The use of timber in building and construction offers a paradox to the designer and the engineer. On one hand timber is one of the oldest construction materials known to mankind, which means for many its use is associated with traditional crafts such as boat and carriage building, cooperage, parquetry and cabinet work. On the other, for an increasing number of those in the vanguard of design and construction, wood is a material for the modern age.
Increasingly, modern applications using solid timber, laminations and lightweight sheet materials, curves and complex shapes on grid shell structures are being featured in cutting edge design. Computer aided design, engineered wood products, advances in connectors and the ability to combine wood with other materials has breathed new life into a traditional material.
There is another reason why timber is undergoing a renaissance. Concerns over the sustainability of building and construction materials have focused attention on the energy requirements in processing and manufacturing materials and the thermal efficiency of building systems.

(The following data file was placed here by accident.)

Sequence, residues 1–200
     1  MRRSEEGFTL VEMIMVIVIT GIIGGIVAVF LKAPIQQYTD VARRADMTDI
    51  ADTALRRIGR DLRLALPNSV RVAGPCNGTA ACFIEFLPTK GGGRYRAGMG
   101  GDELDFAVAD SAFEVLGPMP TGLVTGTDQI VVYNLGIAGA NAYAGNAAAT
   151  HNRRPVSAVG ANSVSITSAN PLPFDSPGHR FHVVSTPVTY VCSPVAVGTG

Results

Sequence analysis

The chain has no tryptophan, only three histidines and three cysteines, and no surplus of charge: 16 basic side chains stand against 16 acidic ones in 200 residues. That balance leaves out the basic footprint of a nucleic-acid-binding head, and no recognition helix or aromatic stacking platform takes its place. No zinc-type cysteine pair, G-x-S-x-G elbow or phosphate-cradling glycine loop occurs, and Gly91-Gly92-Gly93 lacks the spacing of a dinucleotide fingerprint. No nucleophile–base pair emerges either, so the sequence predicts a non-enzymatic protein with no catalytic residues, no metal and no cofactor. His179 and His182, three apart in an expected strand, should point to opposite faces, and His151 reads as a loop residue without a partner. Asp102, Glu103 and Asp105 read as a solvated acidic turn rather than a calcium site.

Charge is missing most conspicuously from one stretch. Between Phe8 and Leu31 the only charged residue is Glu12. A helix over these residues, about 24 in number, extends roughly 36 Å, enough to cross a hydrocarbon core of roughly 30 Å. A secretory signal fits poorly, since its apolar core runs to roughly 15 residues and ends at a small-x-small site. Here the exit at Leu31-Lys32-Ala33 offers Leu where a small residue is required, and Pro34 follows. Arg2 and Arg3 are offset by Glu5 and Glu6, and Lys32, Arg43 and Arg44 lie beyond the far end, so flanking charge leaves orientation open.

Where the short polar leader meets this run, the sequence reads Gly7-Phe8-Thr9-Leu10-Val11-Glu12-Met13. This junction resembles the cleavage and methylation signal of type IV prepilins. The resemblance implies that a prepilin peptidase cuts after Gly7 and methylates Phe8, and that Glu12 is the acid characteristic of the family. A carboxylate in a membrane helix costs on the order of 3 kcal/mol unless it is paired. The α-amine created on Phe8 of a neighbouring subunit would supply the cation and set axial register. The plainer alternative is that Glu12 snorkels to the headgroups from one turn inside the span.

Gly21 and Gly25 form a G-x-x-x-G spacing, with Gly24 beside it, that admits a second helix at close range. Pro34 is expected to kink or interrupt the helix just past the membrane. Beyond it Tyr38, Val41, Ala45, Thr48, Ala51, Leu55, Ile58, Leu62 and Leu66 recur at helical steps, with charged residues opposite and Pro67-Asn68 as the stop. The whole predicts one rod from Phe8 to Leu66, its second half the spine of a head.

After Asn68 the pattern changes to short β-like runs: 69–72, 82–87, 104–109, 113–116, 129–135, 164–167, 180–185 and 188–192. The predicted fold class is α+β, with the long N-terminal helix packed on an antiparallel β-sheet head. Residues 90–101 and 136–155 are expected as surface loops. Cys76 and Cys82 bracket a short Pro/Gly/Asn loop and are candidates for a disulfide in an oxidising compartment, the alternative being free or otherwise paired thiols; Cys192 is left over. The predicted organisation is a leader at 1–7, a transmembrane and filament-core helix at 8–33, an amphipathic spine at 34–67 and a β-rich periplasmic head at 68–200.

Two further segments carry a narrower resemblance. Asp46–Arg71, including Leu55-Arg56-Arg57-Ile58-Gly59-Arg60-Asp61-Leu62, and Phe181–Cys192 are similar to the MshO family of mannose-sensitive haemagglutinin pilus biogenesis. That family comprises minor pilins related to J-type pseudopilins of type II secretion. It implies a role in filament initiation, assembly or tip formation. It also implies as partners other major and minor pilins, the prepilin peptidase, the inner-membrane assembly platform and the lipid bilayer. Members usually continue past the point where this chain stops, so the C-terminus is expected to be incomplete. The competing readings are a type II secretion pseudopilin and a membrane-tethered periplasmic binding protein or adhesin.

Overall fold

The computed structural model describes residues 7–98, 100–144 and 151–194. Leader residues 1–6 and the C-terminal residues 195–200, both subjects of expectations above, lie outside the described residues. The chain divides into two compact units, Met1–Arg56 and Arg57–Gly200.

There is, of course, an important qualification, and that is the wood must come from sustainably managed forests. More than 90% of all wood used in building and construction in the UK comes from within Europe and European forests and woodlands are expanding at over 800,000ha each year. Forests and woodlands are not just solar powered wood production factories. As well as providing a source of renewable raw materials forests provide an important habitat for plants and animals and a recreational resource for society. They protect water catchments and contribute to the landscapes that define the regions in which we live. The specification of wood from well managed forests is a decision designers and engineers can make which delivers a modern well functioning building which does not cost the earth.